My Wife Is Mad

Tags: Advice, DNA, Family, Lesbian, LGBTQ, Mental Health, Parental Burden, Relationships, Respect

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05-Sep-2021


I’m Being Shamed for Not Being an “Activist” on Social Media. 

 

I know this is a ridiculous question but bear with me. Is it OK to not use my social media to post about activism, racial justice, etc.?

I (a white woman) work at a pro–racial justice nonprofit (and have done so my entire career), actively making decisions in my own life—schools, neighborhoods, houses of worship, etc.—to live my values. I have generally used social media to stay connected with folks and share more personal updates about my nonwork life. Last summer, I began feeling guilty that I didn’t engage in public activism on my social media. I follow a number of activist accounts, but don’t share or broadcast this. The guilt pushed me to post more actively about racial justice. But every time I posted, it was never just the right thing—folks on both sides of the political spectrum sent me messages nitpicking my phrasing or what I chose to share/not share, and I constantly felt angry and on edge. I also engaged less in in-person conversations because I was so jaded by the “unproductivity” of these online conversations.

I’m Being Shamed

Tags: Activism, Advice, Bullying, Culture, Environment, Guilt, Loneliness, Politics, Relationships, Social Distance, Social Media, Treatment

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12-Aug-2021


Want To Avoid Raising Entitled Kids? Don’t Do These 4 Things. 

 

“If your brain isn’t cognitively ready to imagine someone else’s experience, it’s harder to have empathy,” said Pressman.

Yet it is important that as kids move from toddler-dom into the school-age years, parents actively teach them that they will not always get their way. Parents also should explain to children that not getting their way may feel bad, which is expected.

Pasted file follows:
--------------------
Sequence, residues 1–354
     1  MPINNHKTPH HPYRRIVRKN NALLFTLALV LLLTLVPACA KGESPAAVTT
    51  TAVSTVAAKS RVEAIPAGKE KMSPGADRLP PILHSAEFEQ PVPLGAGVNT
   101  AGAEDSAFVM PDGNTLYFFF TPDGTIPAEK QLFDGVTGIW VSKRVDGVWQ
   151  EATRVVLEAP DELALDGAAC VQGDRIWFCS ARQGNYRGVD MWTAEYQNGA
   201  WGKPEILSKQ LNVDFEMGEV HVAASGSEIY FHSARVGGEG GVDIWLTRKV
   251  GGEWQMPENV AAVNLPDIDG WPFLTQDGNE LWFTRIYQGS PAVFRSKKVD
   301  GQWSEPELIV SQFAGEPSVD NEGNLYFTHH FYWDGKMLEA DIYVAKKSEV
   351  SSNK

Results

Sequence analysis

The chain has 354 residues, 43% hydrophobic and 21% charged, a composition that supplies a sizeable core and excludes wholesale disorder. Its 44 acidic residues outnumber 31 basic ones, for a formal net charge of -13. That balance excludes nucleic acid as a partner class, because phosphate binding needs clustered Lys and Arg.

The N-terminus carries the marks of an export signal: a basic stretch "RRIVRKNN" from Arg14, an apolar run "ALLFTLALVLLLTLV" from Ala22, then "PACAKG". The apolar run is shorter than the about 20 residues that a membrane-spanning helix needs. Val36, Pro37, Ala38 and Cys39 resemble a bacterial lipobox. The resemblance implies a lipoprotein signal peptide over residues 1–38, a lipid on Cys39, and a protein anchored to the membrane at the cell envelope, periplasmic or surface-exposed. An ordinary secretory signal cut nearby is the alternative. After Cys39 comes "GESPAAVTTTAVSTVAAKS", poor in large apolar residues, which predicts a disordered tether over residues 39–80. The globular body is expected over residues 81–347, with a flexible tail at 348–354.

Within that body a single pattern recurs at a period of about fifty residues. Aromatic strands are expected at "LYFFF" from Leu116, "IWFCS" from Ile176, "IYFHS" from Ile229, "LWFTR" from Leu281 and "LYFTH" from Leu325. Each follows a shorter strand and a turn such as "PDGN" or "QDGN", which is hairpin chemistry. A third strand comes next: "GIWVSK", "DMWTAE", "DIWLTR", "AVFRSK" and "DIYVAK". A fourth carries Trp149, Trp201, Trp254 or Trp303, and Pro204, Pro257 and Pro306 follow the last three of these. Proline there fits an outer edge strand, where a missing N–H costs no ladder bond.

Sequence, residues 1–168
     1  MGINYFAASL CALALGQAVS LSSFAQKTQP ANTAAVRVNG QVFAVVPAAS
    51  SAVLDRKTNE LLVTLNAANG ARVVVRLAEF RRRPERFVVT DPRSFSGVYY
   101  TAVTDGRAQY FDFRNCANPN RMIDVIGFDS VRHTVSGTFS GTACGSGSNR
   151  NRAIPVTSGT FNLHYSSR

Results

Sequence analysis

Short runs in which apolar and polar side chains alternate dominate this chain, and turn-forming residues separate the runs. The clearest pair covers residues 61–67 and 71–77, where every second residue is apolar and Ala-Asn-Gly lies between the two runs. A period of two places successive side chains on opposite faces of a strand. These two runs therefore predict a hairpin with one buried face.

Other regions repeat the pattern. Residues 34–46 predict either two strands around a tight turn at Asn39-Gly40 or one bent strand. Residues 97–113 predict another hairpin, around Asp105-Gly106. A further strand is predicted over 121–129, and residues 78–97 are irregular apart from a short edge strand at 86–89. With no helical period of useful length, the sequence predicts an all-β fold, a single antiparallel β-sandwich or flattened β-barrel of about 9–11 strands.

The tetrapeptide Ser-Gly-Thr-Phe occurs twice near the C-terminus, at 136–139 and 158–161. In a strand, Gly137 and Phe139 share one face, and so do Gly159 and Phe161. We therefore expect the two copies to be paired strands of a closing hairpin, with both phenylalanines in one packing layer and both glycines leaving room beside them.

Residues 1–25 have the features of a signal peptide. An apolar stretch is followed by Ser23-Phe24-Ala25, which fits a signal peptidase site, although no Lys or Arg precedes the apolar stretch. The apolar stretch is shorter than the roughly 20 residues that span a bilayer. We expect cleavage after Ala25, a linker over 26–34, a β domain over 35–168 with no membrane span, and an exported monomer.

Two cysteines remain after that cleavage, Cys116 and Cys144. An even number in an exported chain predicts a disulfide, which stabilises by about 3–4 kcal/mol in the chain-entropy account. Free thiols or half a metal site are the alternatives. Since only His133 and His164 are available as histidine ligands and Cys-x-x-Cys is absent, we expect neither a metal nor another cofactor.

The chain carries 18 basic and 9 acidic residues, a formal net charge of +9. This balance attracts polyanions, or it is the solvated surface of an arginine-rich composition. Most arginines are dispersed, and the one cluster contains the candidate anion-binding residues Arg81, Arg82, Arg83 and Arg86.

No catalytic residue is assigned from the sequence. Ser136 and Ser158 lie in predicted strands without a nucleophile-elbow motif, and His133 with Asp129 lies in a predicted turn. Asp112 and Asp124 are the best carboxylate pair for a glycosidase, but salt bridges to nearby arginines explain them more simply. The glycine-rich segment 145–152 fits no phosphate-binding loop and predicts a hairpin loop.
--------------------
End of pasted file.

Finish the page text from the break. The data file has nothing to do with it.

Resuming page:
For example, when your child is shopping for a friend’s birthday present and they ask for a toy of their own, don’t give in, Pressman urged. Instead, maybe say something like: “We’re going into the store to buy a present for Billy. I know sometimes that can feel hard, and it’s hard to focus,” Pressman said. That’s it.

You’re giving them space to grapple with what it feels like to not get their way, and you’re showing them that you expect them to get through it. It can be a pretty powerful lesson, particularly when it’s repeated often as a natural part of growing up.

Want To Avoid Raising Entitled Kids? Don’t Do These 4 Things.

Mother DELETES 14-year-old influencer daughter's social media account with 1.7 MILLION followers

Many parents are saying no to sleepovers. At what cost?

Tags: Advice, Children, Choices, Fear, Friendship, Mental Health, Neglect, Parental Burden, Responsibility, Self-defence, Training, Unruly Child

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11-Aug-2021


How parents can help kids deal with back-to-school anxiety 

 

As a researcher who’s studied children’s mental health for decades, I know that predictability helps prevent anxiety in children. Predictability means things going along as they’ve always gone: sleep at night, up in the morning, cornflakes for breakfast, off to school, activities in the afternoon, dinner with the family. In Louise Fitzhugh’s children’s novel “Harriet the Spy,” Harriet’s mother can’t believe that her daughter always takes a tomato sandwich to school. Always. Harriet has no interest in variety. She’s perfectly happy with the same sandwich, year after year.

Given children’s fondness for sameness and predictability, it should be no surprise that a global pandemic that halted school as kids know it, slammed the brakes on seeing friends, stopped extracurricular activities and banished all but immediate family members would have a profound impact on children’s anxiety